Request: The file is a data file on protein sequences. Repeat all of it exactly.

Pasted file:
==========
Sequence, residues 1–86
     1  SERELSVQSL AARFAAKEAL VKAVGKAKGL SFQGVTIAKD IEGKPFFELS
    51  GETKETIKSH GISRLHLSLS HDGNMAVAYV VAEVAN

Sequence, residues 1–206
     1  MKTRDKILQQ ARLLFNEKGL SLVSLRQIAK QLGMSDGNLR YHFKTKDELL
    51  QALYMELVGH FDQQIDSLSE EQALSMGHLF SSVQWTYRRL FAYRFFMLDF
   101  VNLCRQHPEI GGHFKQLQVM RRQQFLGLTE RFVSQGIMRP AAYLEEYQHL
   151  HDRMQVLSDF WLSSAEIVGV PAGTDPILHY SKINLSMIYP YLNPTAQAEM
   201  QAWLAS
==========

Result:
Sequence, residues 1–86
     1  SERELSVQSL AARFAAKEAL VKAVGKAKGL SFQGVTIAKD IEGKPFFELS
    51  GETKETIKSH GISRLHLSLS HDGNMAVAYV VAEVAN

Sequence, residues 1–206
     1  MKTRDKILQQ ARLLFNEKGL SLVSLRQIAK QLGMSDGNLR YHFKTKDELL
    51  QALYMELVGH FDQQIDSLSE EQALSMGHLF SSVQWTYRRL FAYRFFMLDF
   101  VNLCRQHPEI GGHFKQLQVM RRQQFLGLTE RFVSQGIMRP AAYLEEYQHL
   151  HDRMQVLSDF WLSSAEIVGV PAGTDPILHY SKINLSMIYP YLNPTAQAEM
   201  QAWLAS